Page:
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ATI's Radar 101 - Fundamentals of Radar course


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Summary:

    Technical Training Short On Site Course Quote This concise one-day course is intended for those with only modest or no radar experience. It provides an overview with understanding of the physics behind radar, tools used in describing radar, the technology of radar at the subsystem level and concludes with a brief survey of recent accomplish-ments in various applications.

    This concise one-day course is intended for those with only modest or no radar experience. It provides an overview with understanding of the physics behind radar, tools used in describing radar, the technology of radar at the subsystem level and concludes with a brief survey of recent accomplish-ments in various applications. This course is recommended for people with an electrical engineering or equivalent science background.

Instructor:

    Dr. Menachem Levitas received his BS, maxima cum laude, from the University of Portland and his Ph.D. from the University of Virginia in 1975, both in physics. He has forty one years experience in science and engineering, thirty three of which in radar systems analysis, design, development, and testing for the Navy, Air Force, Marine Corps, and FAA. His experience encompasses many ground based, shipboard, and airborne radar systems. He has been technical lead on many radar efforts including Government source selection teams. He is the author of multiple radar based innovations and is a recipient of the Aegis Excellence Award for his contribution toward the AN/SPY-1 high range resolution (HRR) development. For many years, prior to his retirement in 2011, he had been the chief scientist of Technology Service Corporation / Washington. He continues to provide radar technical support under consulting agreements.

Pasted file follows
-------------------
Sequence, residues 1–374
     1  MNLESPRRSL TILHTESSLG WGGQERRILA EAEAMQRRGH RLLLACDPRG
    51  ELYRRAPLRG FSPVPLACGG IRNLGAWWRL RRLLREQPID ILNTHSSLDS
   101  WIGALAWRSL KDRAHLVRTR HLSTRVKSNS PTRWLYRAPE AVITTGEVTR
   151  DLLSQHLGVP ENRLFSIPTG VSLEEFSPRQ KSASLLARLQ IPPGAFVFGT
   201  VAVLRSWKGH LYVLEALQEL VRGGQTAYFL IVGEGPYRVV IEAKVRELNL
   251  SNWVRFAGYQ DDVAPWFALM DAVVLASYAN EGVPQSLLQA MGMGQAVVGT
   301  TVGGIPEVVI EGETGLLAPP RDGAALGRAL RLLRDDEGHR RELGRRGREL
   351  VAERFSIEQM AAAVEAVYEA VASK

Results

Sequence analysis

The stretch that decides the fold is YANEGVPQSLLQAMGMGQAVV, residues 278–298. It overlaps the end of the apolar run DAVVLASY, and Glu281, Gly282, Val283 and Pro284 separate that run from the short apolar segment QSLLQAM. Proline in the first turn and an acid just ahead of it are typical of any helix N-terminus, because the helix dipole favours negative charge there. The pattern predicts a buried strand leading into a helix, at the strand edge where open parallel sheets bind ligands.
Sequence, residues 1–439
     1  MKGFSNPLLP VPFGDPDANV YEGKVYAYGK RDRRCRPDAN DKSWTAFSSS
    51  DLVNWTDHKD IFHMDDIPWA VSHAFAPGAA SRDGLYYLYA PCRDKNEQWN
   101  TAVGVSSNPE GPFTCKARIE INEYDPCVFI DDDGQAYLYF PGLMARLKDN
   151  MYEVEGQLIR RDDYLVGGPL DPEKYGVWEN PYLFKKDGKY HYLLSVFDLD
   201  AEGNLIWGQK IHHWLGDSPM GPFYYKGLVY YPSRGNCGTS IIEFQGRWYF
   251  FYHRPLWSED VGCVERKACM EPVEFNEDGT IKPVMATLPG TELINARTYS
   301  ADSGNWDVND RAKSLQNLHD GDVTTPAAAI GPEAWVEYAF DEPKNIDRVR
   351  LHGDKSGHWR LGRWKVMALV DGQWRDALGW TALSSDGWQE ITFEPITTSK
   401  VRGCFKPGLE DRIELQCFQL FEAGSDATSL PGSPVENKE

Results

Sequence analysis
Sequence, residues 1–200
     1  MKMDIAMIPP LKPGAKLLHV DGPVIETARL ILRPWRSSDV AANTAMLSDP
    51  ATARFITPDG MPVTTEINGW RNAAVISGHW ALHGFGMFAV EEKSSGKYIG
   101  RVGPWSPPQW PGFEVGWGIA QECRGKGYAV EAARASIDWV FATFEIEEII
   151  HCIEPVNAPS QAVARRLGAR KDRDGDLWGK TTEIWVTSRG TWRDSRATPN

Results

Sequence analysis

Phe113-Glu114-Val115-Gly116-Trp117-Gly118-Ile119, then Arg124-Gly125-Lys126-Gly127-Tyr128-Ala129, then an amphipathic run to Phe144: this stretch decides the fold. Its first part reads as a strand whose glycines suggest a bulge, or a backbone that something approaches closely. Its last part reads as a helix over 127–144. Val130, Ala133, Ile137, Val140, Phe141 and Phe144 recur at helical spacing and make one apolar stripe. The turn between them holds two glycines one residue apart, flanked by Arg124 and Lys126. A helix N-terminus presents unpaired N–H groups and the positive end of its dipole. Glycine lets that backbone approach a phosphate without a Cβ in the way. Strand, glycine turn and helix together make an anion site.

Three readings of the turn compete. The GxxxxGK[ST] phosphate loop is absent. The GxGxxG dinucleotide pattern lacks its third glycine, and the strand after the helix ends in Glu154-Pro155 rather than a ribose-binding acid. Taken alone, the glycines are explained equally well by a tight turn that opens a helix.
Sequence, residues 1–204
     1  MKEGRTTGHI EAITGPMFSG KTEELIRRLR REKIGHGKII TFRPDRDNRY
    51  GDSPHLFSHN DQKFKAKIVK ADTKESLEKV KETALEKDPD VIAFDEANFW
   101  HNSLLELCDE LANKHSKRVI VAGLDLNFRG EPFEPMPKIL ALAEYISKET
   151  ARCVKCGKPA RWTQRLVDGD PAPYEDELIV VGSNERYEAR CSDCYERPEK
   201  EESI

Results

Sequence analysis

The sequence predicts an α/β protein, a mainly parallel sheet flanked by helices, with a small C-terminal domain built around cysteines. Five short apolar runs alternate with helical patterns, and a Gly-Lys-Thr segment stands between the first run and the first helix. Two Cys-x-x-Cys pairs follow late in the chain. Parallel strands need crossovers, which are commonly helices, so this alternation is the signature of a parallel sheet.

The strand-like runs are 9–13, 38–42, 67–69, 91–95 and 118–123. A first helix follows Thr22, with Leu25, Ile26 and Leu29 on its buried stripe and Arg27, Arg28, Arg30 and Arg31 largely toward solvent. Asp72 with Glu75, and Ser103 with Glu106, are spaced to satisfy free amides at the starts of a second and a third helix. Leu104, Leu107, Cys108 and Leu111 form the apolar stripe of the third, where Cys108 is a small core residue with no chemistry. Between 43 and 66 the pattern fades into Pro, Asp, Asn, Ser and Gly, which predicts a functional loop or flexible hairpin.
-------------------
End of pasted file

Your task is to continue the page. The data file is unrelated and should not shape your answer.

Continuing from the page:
Contact this instructor (please mention course name in the subject line)

Course Outline:

  1. Introduction: The general nature of radar: composition, block diagrams, photos, types and functions of radar, typical characteristics.

  2. The physics of radar: Electromagnetic waves and their vector representation. The spectrum bands used in radar. Radar waveforms. Scattering. Target and clutter behavior representations. Propagation: refractivity, attenuation, and the effects of the Earth surface.
  3. The radar range equation: development from basic principles. The concepts of peak and average power, signal and noise bandwidth and the matched filter concept, antenna aperture and gain, system noise temperature, and signal detectability
  4. Thermal noise and detection in thermal noise: Formation of thermal noise in a receiver. System noise temperature (Ts) and noise figure (NF). The role of a low-noise amplifier (LNA). Signal and noise statistics. False alarm probability. Detection thresholds. Detection probability. Coherent and non-coherent multi-pulse integration.

  5. The sub-systems of radar: Transmitter (pulse oscillator vs. MOPA, tube vs. solid state, bottled vs. distributed architecture), antenna (pattern, gain, sidelobes, bandwidth), receiver (homodyne vs. super heterodyne), signal processor (functions, front and back-end), and system controller/tracker. Types, issues, architectures, tradeoff considerations.

  6. Current accomplishments and concluding discussion.


Tuition:

    Tuition for this one-day course is $750 per person. Please call us at 410-956-8805 or send an email to ati@aticourses.com.

Register Now Without Obligation

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